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Transcript of 75 25 Nutrition and chronic liver · PDF file Nutritional assessment in chronic liver disease...

  • Nutrition and chronic liver disease

    Wichai Siriboonkoom MD, Leah Gramlich MD FRCPC

    Chronic liver disease is common. It was the ninth lead-ing reported cause of death in the United States be- tween 1980 and 1989 (1). In developing countries chronic liver disease is predominantly caused by viral hepatitis; in more developed countries it is largely related to alcoholic liver disease.

    The relationship between nutritional status and chronic liver disease is complex. At a physiological and biochemical level, the liver plays a pivotal role in carbohydrate, protein and lipid metabolism. End-stage liver disease and its compli- cations affect both energy consumption and energy expendi- ture, which in turn influence nutritional status. Nutritional status itself may affect the outcome of chronic liver disease. This paper explores the relationship between nutrition and chronic liver disease.

    PREVALENCE The prevalence of malnutrition in chronic liver disease var- ies according to the seventy of hepatic damage and progres- sion of liver disease. It has ranged from 10% to 100% in

    different studies, largely depending on the method of nutri- tional assessment performed and the population studied (2). Although many of the available data on nutritional status in chronic liver disease come from the study of alcoholic liver disease, emerging data indicate that malnutrition is a com- mon finding in both alcoholic and nonalcoholic cirrhosis (3-5).

    Caregaro et al (3) evaluated 120 hospitalized patients with liver cirrhosis – 77 with alcoholic and 43 with virus- related cirrhosis. Nutritional assessment included anthro- pometric measurements, creatinine-height index (CHI), visceral protein status and assessment of immunological competence. Energy malnutrition, defined as triceps skinfold thickness (TSF) and/or midarm muscle circumference (MAMC) below the fifth percentile of standard values, was found in 34% of the study population. Protein malnutrition, defined as low serum albumin, prealbumin, transferrin and retinol binding protein concentration, was found in 81% of the study population.

    Immunoincompetence was found in 59% of the study par-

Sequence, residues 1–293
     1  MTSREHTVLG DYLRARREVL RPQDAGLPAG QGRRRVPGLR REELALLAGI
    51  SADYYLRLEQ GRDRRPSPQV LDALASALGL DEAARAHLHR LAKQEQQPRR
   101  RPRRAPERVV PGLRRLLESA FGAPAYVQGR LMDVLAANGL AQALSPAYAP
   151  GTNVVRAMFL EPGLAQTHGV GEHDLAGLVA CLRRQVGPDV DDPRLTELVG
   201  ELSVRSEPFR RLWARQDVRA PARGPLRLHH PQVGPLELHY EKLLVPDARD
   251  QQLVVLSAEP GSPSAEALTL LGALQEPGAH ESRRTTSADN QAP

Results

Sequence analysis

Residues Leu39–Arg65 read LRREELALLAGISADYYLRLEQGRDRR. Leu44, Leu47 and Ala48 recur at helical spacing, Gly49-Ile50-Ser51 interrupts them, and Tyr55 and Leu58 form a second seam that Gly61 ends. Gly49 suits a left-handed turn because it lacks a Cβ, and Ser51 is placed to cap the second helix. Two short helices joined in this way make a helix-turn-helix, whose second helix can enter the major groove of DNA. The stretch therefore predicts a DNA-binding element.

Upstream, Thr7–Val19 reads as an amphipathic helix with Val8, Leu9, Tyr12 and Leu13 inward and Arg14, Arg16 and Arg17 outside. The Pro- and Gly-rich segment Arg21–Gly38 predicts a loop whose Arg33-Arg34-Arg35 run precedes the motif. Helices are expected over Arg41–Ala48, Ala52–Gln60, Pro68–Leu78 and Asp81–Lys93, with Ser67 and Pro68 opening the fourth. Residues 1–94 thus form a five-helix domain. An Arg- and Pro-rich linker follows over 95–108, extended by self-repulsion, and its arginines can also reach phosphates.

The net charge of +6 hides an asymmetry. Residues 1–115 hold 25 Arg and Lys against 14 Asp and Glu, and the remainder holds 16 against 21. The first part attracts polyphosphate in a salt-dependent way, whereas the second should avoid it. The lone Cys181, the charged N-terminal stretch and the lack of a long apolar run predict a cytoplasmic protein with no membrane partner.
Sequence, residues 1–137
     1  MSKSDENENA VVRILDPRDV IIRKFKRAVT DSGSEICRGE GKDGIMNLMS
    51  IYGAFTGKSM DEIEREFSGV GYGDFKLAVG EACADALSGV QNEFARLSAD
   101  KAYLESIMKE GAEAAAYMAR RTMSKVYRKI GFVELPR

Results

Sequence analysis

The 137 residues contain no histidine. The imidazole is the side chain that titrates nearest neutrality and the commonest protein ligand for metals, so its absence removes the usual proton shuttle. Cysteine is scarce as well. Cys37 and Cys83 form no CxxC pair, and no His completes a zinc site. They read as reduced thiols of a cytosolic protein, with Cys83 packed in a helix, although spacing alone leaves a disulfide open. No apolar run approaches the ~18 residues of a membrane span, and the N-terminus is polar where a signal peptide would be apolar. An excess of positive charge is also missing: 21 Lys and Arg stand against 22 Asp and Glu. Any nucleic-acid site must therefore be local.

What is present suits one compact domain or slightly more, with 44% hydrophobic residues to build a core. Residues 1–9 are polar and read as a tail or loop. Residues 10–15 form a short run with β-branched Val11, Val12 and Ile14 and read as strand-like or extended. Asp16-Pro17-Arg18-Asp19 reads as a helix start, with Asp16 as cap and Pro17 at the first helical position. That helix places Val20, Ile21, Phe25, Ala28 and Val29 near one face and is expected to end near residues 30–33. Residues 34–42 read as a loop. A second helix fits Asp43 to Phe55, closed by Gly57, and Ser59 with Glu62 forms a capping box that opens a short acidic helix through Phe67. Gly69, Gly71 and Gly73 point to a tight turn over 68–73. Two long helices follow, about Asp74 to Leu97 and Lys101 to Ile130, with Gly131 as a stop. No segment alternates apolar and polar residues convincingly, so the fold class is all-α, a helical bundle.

Can J Gastroenterol Vol 12 No 3 April 1998 201

    W Siriboonkoom, L Gramlich. Nutrition and chronic liver dis- ease. Can J Gastroenterol 1998;12(3):201-207. Malnutrition frequently occurs in patients with chronic liver disease, and may influence both short and long term clinical outcome in these pa- tients. Therefore, nutritional intervention may play an important role in the management of chronic liver disease patients. Recent progress in nutritional assessment, principles of nutrition manage- ment and the impact of malnutrition upon the clinical outcome of chronic liver disease are reviewed and summarized. Recommenda- tions on how to manage/prevent malnutrition in these patients will be presented.

    Key Words: Chronic liver disease, Nutrition

    Nutrition et maladie hépatique chronique

    RÉSUMÉ : La malnutrition s’observe fréquemment chez les patients atteints d’une maladie hépatique chronique et peut influer sur le pronostic de la maladie, à court terme, comme à long terme. C’est pourquoi une intervention nutritionnelle peut jouer un rôle important dans le traitement de ces patients. Ce article passe en revue et résume les récents progrès enregistrés au chapitre de l’évaluation nutrition- nelle, des principes de gestion nutritionnelle et de l’impact de la malnutrition sur l’issue clinique de la maladie hépatique chronique. On y présente en outre des recommandations sur la façon de traiter et de prévenir la malnutrition chez ces patients.

    Division of Gastroenterology, Department of Medicine, University of Alberta, Edmonton, Alberta Correspondence and reprints: Dr L Gramlich, Suite 310, Hys Centre, 11010–101 Street, Edmonton, Alberta T5H 4B9. Telephone

    403-421-1029, fax 403-425-5533, e-mail gramlich@planet.eon.net Received for publication July 28, 1997. Accepted January 4, 1998

    NUTRITION

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  • ticipants. The prevalence, characteristics and severity of protein caloric malnutrition (PCM) were comparable in both alcoholic cirrhosis and virus-related cirrhosis patients. The incidence of PCM progressively increases from the Child-Pugh class A to C. Caregaro et al (3) support the argu- ment that malnutrition is related to the consequences of liver injury rather than the etiology of the liver disease.